After Warwick/Walden disappears, the reader finds a much more tractable figure occupying the role of "passing Negro": Warwick/Walden's sister, the unambiguously single-named Rena Walden. Rena's protracted moral struggle with her own racial identity contrasts sharply with Warwick/Walden's seemingly easy assumption of the passing identity. Rena's assumption and ultimate rejection of "whiteness" in many ways parallels the similar struggle of Johnson's ex-colored man, and when Rena confronts her mirror, their stories parallel each other nearly exactly:

She stood before an oval mirror brought from France by one of Warwick's wife's ancestors, and regarded her image with a coldly critical eye. She was as little vain as any of their sex who are endowed with beauty. She tried to place herself, in thus passing upon her own claims to consideration, in the hostile attitude of society toward her hidden disability. There was no mark upon her brow to brand her as less pure, less innocent, less desirable, less worthy to be loved, than those proud women of the past who had admired themselves in this mirror. (76)

Rena's confrontation with the mirror lays bare the same political and economic issues involved in racial "recognition" we noted in Johnson's novel. But while the ex-colored man looks into a looking-glass in the same way, it is specifically his looking-glass. In Rena's case, however, the mirror has been "brought from France by one of Warwick's wife's [white] ancestors"; in other words, the mirror - the icon of objectivity itself - has already been implicated in a complex relationship with politics, economics, and race. The mirror - at least in Rena's mind - cannot be separated from the "proud women of the past" who had admired themselves in it before, and who symbolically still own the mirror, still skew the images it presents. For Rena, the mirror is "white."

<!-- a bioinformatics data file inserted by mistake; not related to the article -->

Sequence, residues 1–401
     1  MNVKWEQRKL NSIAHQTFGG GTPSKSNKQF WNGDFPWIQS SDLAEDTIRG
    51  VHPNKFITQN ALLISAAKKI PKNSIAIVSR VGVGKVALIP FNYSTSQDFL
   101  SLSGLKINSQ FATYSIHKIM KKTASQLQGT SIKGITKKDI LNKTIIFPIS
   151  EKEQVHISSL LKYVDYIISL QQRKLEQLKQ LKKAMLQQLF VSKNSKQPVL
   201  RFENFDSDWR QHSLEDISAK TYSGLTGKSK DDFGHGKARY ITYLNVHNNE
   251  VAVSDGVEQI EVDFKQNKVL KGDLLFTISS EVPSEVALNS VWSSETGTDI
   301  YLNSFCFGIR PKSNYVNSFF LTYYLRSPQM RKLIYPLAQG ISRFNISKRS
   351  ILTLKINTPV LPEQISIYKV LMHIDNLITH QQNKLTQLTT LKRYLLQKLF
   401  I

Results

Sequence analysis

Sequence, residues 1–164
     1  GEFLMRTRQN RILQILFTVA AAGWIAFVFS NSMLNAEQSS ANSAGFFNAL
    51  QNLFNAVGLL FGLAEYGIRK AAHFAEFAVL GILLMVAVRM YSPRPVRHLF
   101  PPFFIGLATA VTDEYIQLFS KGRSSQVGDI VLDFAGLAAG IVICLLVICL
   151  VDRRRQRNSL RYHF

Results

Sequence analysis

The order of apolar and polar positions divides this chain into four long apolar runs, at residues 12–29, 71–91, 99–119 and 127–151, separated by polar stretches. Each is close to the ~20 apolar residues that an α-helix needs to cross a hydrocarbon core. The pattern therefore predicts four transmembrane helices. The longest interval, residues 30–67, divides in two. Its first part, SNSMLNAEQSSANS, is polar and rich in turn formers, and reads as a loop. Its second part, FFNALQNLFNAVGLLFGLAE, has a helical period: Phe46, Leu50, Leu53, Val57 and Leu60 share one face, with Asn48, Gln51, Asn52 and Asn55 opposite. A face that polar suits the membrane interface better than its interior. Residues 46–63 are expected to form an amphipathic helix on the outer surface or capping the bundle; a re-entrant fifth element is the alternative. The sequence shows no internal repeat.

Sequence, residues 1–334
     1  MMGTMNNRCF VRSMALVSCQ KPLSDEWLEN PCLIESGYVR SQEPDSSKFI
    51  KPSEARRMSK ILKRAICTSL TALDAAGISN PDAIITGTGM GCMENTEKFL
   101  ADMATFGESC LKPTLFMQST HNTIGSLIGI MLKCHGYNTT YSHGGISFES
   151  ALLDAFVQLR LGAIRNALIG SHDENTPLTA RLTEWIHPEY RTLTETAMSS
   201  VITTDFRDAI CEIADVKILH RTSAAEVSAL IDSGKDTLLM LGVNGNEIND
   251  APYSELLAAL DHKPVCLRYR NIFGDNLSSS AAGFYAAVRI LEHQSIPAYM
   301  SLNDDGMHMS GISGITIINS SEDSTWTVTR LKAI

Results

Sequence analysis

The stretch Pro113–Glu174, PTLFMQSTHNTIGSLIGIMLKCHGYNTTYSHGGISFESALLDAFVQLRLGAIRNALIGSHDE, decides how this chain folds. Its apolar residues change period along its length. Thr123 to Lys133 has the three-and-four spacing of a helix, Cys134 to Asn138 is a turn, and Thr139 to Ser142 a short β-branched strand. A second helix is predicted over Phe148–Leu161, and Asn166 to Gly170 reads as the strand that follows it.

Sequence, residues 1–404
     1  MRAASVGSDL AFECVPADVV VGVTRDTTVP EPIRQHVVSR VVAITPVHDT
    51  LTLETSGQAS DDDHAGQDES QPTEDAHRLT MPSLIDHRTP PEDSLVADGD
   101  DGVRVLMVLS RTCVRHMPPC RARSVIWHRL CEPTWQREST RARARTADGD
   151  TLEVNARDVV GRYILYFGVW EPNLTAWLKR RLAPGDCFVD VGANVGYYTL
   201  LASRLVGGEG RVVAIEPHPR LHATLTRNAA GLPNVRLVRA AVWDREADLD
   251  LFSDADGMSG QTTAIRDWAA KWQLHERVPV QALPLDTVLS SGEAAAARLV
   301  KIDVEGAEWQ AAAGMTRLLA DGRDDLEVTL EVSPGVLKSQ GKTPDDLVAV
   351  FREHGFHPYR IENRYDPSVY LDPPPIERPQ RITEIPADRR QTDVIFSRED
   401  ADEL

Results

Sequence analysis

The mirror is white for Rena, significantly, because of its "pedigree" - and nothing could be more indicative of the difference between Rena and her brother than their respective attitudes toward this crucial term. For Warwick/Walden, the term pedigree can be separated from the word race; for Rena, as this scene makes obvious, these terms are inevitably equivalent. And because Rena is unable to separate the two terms, she must tacitly accept the chain of linguistic consequences that follow from their equivalence. The mirror, for instance, is white because of its "pedigree," but here the idea of "pedigree" is inextricable from an imputation of white/European "ownership." Absent Warwick/Walden's ability to control these terms, the words pedigree and ownership are everywhere conflated in this novel, as they are in the passage quoted above. While Warwick/Walden is both able and willing to break these terms apart by reimagining their relationship, his sister Rena is not. And in implicitly accepting the link among ownership, history, and race, Rena ultimately assents to assuming an "owned" identity, historically predetermined and founded on European notions of race: Ironically, this "received" identity masquerades for Rena as an image of her "essential" self.